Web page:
Translated by Dora O’Brien
Reviewed by Karen Langley
Russian author Fyodor Dostoevsky is best known in the west for his novels Crime and Punishment, The Brothers Karamazov, Demons/Devils/The Possessed and The Idiot. His shorter works such as Notes from Underground, The Gambler and The Double are also highly thought of, but there are many of his books which seem to have escaped recognition. One such is The Adolescent, written between Demons and Karamazov and up until recently not regarded very highly (one commentator calling it a bad novel). However, a sparkly new edition from Alma Classics, freshly translated by Dora O’Brien and with excellent supporting material, will hopefully do much to rectify this.
I’ve seen the book translated in the past under the title of An Accidental Family and certainly the family featured here is a very odd and distinctive one. Dostoevsky’s novels tend to fall into two types – those told by an omniscient narrator, or those related by a breathless and possibly disturbed character, and The Adolescent falls into the latter category. Our narrator and protagonist is one Arkady Makarovich Dolgoruky, a young man with a very troubled background. Legally the son of Makar Dolgoruky and Sofia Andreyevna Dolgoruky, his biological father is one Andrei Petrovich Versilov. The former are serfs; the latter a landowner; and Versilov seduced Sofia away from her husband, producing two children with her (Arkady and his sister Liza) before setting off on a variety of travels with Sofia in tow. Arkady has spent little time with his family; shunted from pillar to post, including an unpleasant period in a boarding school, he’s grown up somewhat alienated from not only his family but the world in general.
“Why should I unequivocally love my neighbour or your future mankind, which I’ll never get to see, which won’t know about me and which in turn will turn into dust, leaving not a single trace or memory behind (time counts for nothing here), when the Earth will in turn become an icy rock and will fly off into the void with an infinite number of similar icy rocks? In short, you can’t imagine anything more pointless! So much for your teaching! Tell me, why should I be noble, especially if nothing lasts beyond a moment?”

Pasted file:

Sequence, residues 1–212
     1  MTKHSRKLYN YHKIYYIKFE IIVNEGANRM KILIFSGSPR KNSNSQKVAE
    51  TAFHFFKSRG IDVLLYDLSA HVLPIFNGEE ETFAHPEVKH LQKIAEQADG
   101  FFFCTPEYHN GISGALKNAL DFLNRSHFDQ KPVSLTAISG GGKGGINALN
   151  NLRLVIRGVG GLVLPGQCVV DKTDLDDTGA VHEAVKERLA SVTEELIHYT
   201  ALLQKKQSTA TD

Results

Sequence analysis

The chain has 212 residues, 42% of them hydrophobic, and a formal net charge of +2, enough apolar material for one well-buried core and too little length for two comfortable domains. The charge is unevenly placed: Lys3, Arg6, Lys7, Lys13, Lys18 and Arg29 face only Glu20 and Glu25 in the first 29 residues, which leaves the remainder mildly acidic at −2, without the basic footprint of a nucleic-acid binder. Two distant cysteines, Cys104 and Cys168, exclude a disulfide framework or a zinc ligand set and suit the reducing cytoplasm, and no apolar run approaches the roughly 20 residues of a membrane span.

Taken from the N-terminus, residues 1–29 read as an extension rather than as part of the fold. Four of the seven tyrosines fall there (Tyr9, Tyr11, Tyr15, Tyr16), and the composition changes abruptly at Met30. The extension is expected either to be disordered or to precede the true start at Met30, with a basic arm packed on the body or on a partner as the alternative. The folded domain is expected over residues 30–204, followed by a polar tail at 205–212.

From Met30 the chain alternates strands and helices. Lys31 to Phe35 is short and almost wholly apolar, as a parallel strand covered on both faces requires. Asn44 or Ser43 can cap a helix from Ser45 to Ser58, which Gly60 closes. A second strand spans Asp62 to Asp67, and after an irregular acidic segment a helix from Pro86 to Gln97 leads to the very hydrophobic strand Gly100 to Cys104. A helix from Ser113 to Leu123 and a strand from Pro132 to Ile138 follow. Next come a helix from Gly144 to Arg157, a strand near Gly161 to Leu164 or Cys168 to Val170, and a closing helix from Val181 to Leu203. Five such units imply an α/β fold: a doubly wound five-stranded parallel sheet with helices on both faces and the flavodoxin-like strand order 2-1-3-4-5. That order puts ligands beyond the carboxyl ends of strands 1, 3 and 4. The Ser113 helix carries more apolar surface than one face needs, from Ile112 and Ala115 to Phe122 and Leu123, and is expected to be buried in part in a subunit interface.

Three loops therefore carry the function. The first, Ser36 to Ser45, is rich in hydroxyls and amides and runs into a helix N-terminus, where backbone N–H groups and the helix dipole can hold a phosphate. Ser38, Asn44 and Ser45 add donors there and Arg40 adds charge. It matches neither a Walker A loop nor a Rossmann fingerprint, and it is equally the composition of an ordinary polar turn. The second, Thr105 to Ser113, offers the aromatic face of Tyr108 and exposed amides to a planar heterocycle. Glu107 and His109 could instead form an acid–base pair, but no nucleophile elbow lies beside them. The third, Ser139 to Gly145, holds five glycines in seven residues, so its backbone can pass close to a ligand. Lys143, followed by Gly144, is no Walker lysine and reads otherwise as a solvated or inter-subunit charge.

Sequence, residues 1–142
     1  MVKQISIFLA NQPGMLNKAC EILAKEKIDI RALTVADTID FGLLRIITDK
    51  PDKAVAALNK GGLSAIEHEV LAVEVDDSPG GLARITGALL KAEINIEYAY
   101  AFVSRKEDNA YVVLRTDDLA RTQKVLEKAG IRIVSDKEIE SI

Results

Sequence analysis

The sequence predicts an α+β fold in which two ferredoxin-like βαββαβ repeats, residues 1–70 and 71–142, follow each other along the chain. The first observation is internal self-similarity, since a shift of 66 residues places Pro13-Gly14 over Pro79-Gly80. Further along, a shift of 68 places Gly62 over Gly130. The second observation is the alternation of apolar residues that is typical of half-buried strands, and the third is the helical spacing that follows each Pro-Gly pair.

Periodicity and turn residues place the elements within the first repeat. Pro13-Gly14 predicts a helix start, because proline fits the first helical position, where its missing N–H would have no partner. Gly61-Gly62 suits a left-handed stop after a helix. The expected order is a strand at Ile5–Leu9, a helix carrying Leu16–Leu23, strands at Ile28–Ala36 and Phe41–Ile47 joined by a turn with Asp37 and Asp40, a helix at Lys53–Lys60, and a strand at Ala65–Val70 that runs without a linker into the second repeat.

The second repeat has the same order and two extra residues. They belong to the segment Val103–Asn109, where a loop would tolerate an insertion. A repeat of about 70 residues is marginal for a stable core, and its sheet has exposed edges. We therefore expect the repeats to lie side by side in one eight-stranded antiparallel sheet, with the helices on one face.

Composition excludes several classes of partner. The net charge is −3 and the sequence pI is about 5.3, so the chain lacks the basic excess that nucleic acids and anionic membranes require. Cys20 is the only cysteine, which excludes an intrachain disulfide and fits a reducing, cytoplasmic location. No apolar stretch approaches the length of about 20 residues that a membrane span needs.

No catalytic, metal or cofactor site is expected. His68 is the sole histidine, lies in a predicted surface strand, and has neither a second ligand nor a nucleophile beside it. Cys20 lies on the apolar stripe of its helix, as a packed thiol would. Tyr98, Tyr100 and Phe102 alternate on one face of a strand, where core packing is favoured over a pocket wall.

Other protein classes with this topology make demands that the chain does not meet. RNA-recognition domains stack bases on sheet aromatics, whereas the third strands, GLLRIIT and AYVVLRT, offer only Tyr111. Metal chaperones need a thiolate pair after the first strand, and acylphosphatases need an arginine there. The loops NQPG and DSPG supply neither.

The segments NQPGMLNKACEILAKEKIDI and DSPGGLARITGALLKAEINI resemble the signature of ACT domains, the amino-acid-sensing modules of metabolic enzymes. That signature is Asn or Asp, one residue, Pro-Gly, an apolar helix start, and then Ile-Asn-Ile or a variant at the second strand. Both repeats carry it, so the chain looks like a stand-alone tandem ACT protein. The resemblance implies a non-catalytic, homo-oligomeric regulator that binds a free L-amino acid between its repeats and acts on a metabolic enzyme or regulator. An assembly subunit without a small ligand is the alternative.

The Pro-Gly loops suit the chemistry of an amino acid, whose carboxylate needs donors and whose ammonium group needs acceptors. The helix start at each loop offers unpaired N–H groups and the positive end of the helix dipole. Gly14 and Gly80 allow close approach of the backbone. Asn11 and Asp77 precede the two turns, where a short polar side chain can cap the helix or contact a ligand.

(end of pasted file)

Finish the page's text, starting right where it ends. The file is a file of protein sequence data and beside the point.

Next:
But Arkady has an “idea”; his plan is to become rich, a “Rothschild”, though quite how he’s going to do this is debatable. He claims he will save, go without, buy and sell – anything to make the money he desires. But the reader suspects this is unlikely, and indeed as the book progresses he does little but fall into debt.
“But isn’t this all so materialistic? Will today’s world come to an end only because of finances?”
The Adolescent is divided into three parts, and in the first we meet all the main characters (helpfully set out in a list at the front, should the reader become a little undone by the plethora of slightly related, half related and not even related people in the story!). For it seems that Versilov has plenty of children all over the place, and Arkady comes into contact with two in particular, Anna and Andrei. Taking up work for old Prince Sokolsky, Arkady becomes embroiled in a network of confusion and intrigue, much of which involves inheritances and incriminating documents, which he really can’t follow. The story unfolds almost in real time interspersed with some flashbacks, and we follow Arkady as he spins from one bizarre event to another, seemingly with little control of his fate despite his protestations, and with little real comprehension of what is going on around him. In case this all sounds a little like a knockabout comedy, you can be assured that it really isn’t. The moments of farce are balanced by darker events; in fact, the first section of the book ends with Arkady being left with a very troubled conscience after a tragic development triggered by his actions.
“I realized at last that I had before me a man who right then needed to have at least a towel dipped in vinegar placed on his head, if not to have some blood let.”